I agree that there are principles about product development methods that could be applied to life in general. I came to a similar conclusion about careers after reading Lean Startup.
The role the employer offers is a product. The work that the employee completes is another product. Both products are forced upon each“target audience” with little validation that either audience wants the product being offered. In actuality, we have two products that must validate toward a synergized product that a customer wants.
Additionally, the career complex is driven by a slew of vanity metrics and career development solutions that offer little in the way of validation. How many people are accepting positions simply after sending a cover letter and resume and completing an interview or two?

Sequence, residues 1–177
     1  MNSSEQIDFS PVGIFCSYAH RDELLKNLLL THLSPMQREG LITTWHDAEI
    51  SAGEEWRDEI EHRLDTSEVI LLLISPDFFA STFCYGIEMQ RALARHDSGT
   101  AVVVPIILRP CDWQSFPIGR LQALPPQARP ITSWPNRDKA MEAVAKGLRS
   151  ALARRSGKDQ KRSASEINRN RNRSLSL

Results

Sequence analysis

A typical career is build-build-build, not build-measure-learn.
Where lean falls short though in respect to becoming a framework for career growth is that it leaves out the person validating him or herself against the targeted career opportunity. I’m aiming to fill this gap in the name of career validation. It looks something like-
- validate values and traits against an employment opportunity
- validate employment opportunity against an employer or market
A validation mindset is one thing that’s missing from our career pursuits.
BTW- love Trello too!